Metacognition, Strategies, Achievement, and Demographics: Relationships Across Countries

Author/s: Gregory L. Callan, Gregory J. Marchant, W. Holmes Finch, Rachel L. German

DOI: 10.12738/estp.2016.5.0137 

Year: 2016 Vol: 16 Number: 5


Learning strategies, such as memorization and elaboration strategies, have received both support and repudiation. The 2009 international PISA reading, science, and mathematics achievement test and survey of 15 year-olds in 65 countries was used. The findings indicated that self-reported use of learning strategies, which involve compensatory approaches like memorization, across a global sample was not strongly associated with higher achievement. However, metacognitive strategies which involve an awareness of thinking, as measured by the appropriate use of strategies within a context, were related to greater achievement. Although there were differences across gender and student SES, metacognitive strategies remained a significant predictor of achievement when controlling for SES and gender, and were on par with SES in predicting achievement. This study provides insight that may be particularly beneficial for males and lower SES students who underachieve in reading.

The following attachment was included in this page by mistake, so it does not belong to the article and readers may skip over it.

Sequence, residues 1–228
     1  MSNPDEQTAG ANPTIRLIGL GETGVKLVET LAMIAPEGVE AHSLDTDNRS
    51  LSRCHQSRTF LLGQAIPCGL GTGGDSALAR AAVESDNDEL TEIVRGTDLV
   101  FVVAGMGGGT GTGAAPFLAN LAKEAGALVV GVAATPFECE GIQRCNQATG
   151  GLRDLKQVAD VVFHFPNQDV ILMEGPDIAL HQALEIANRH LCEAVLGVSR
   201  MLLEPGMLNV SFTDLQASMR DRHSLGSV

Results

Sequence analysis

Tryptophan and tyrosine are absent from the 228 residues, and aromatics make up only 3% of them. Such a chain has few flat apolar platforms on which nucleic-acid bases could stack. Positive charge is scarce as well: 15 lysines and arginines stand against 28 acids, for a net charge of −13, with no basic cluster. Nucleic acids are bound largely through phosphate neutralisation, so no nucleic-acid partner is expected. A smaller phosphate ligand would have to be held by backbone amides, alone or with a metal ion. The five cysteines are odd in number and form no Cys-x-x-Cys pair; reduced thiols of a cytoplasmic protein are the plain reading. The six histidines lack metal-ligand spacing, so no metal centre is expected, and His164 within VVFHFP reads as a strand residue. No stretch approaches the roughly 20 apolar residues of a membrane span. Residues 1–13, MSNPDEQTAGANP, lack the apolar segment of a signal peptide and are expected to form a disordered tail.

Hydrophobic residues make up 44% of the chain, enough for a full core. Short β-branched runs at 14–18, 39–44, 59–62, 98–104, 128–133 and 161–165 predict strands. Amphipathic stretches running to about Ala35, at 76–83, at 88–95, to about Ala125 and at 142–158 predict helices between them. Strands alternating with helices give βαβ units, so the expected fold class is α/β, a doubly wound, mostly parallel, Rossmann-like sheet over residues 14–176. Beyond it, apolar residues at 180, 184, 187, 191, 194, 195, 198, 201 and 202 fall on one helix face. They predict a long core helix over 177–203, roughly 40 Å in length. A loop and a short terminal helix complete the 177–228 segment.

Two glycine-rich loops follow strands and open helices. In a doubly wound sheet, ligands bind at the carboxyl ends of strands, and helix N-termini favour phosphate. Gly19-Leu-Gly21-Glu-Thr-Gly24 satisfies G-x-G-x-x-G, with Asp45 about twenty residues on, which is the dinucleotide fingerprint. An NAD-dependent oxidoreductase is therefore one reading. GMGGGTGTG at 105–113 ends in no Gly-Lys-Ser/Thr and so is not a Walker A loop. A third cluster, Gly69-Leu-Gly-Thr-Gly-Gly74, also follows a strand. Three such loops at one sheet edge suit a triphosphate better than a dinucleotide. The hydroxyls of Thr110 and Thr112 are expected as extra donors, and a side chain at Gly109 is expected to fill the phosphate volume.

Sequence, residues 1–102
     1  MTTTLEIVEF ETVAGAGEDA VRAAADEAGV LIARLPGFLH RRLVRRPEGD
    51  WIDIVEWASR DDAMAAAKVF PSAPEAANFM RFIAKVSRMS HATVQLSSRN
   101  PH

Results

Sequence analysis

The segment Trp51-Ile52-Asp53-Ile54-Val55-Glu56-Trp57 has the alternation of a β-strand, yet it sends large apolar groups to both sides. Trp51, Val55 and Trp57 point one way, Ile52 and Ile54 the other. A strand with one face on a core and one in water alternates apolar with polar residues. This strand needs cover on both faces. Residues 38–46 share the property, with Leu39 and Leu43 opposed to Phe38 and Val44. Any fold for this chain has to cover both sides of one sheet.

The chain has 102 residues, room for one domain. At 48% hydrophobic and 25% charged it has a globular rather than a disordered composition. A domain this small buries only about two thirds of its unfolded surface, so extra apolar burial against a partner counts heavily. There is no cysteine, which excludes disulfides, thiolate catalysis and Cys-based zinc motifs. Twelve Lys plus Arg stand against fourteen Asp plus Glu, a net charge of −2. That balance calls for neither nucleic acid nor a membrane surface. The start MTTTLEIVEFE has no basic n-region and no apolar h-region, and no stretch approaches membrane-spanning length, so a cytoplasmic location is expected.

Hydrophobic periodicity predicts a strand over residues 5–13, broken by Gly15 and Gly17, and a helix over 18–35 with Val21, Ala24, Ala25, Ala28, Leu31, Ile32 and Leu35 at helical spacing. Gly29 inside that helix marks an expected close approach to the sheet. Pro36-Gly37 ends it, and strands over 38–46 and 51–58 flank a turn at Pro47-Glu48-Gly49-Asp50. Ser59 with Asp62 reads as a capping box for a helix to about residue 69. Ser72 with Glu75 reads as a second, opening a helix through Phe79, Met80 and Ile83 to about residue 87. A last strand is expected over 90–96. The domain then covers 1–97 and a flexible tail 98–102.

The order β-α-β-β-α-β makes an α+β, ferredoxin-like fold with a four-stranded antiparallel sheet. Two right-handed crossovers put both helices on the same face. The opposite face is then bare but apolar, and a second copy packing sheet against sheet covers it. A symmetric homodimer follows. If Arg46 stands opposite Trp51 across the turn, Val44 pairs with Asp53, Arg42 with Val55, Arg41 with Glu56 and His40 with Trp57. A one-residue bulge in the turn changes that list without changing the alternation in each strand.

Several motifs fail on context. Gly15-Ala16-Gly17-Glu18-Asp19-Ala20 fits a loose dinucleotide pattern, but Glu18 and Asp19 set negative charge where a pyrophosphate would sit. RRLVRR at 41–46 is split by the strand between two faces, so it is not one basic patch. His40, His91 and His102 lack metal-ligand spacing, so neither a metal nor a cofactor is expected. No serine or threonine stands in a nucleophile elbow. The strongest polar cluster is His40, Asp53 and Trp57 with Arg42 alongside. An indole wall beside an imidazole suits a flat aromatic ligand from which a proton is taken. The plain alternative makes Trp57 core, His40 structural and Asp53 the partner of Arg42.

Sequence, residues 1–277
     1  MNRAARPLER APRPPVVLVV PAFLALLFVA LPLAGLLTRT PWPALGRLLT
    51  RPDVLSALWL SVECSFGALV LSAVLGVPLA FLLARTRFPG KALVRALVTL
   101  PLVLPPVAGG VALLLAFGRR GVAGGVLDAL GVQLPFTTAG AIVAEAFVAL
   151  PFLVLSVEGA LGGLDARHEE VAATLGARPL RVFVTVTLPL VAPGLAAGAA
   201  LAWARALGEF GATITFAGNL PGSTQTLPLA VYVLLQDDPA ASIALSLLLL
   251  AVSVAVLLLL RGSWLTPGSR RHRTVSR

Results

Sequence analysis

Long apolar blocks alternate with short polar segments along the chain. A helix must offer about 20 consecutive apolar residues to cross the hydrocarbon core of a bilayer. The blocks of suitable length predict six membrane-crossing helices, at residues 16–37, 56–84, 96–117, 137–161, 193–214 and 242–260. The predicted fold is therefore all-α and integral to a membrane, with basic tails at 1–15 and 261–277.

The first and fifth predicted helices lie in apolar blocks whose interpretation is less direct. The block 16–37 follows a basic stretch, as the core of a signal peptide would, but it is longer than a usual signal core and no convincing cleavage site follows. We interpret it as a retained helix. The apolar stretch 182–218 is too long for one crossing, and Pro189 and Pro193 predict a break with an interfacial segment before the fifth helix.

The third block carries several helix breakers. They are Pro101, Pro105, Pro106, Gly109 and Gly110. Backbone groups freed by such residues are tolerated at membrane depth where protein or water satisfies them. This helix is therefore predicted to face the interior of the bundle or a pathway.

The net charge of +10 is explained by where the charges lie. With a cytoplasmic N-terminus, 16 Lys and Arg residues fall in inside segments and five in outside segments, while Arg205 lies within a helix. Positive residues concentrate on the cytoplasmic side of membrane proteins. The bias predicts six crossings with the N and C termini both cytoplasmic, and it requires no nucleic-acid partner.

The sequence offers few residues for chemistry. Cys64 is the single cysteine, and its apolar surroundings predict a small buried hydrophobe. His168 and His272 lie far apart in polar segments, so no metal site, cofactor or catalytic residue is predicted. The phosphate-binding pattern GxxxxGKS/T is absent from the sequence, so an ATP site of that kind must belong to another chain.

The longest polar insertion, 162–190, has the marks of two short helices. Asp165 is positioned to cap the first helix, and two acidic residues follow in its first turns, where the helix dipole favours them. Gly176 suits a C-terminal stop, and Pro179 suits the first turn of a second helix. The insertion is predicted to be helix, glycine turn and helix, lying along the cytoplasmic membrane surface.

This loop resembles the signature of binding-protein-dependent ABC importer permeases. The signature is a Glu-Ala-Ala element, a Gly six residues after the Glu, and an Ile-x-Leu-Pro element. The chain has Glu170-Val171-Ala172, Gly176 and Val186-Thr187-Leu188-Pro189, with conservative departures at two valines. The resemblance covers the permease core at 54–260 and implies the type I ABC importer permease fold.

Learning strategies, Student achievement, International data (PISA), Demographics Socio-economic status